“It’s nice to know you made a sandwich for you and Chooch, but not me,” Henry said, peeking inside the Iron Man snack pack Chooch uses for school. Hey, I never promised him a ribbon-topped box of consideration for Christmas. Chooch and I waited impatiently for him to make a sandwich and then we finally set off for our (my) favorite cemetery on the Northside of Pittsburgh.
Henry was worried that our car would get stuck on the unplowed cemetery lanes, which is his way of saying, “I think this is the dumbest tradition ever and sandwiches don’t taste good when eaten while my dick is getting frost-bitten.” I knew that the dead people wouldn’t let ourcar get stuck. NOT ON CHRISTMAS! Who the fuck else is going to visit these old, forgotten bones?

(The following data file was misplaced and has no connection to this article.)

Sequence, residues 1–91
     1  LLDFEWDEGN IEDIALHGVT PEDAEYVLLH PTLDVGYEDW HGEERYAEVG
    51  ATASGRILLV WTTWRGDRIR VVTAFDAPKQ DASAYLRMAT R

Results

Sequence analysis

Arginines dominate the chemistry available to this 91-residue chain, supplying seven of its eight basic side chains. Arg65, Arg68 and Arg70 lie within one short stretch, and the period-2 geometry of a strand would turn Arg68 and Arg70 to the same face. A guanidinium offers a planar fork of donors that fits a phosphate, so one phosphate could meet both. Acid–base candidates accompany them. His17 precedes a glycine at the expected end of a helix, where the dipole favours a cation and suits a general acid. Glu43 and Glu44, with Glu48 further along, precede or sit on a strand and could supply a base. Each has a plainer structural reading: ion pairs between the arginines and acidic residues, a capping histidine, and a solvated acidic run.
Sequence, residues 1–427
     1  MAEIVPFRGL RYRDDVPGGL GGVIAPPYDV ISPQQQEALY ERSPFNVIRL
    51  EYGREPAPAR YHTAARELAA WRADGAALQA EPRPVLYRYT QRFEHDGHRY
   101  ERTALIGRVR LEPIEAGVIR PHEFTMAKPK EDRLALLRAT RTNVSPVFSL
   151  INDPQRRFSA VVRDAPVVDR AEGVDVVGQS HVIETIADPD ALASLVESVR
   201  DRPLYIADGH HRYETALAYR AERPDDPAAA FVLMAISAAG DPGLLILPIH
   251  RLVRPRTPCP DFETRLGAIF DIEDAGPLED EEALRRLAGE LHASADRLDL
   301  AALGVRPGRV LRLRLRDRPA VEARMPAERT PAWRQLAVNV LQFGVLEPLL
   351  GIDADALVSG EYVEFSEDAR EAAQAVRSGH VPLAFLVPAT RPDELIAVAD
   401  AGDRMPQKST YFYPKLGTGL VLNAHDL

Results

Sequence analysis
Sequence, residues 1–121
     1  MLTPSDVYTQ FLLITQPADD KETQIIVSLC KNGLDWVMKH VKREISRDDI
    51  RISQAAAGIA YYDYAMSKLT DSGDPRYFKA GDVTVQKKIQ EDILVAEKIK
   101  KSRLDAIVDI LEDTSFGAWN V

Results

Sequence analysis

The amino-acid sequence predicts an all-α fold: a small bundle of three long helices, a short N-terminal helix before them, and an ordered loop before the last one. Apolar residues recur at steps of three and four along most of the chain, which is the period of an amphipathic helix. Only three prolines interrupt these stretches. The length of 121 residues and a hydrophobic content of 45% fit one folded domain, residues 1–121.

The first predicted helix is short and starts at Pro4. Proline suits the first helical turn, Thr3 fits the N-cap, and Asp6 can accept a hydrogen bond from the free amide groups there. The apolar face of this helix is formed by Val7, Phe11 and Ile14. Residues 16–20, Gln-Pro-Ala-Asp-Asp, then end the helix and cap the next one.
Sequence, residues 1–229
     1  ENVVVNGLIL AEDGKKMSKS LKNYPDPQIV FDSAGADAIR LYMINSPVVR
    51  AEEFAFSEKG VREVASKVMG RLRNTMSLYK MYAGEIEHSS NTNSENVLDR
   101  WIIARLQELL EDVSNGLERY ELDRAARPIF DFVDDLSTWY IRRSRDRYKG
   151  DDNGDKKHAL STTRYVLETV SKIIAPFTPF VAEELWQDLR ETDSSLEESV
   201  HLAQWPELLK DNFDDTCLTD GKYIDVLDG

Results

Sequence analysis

Chooch loves going to the cemetery on Christmas. I mean, I used to always just assume he did when he was too young to really have a say, but now this brat is so strong-willed that I know he would be all, “Oh hell no!” if he really didn’t want to do something. Because that’s what he says.
“I don’t look pissed off enough,” Chooch said. “Take another.”
For the forty-five minutes we spent amongst the dead, I was completely at peace and stress-free. But there were family-obligations looming ahead, so I should have known that wouldn’t last long.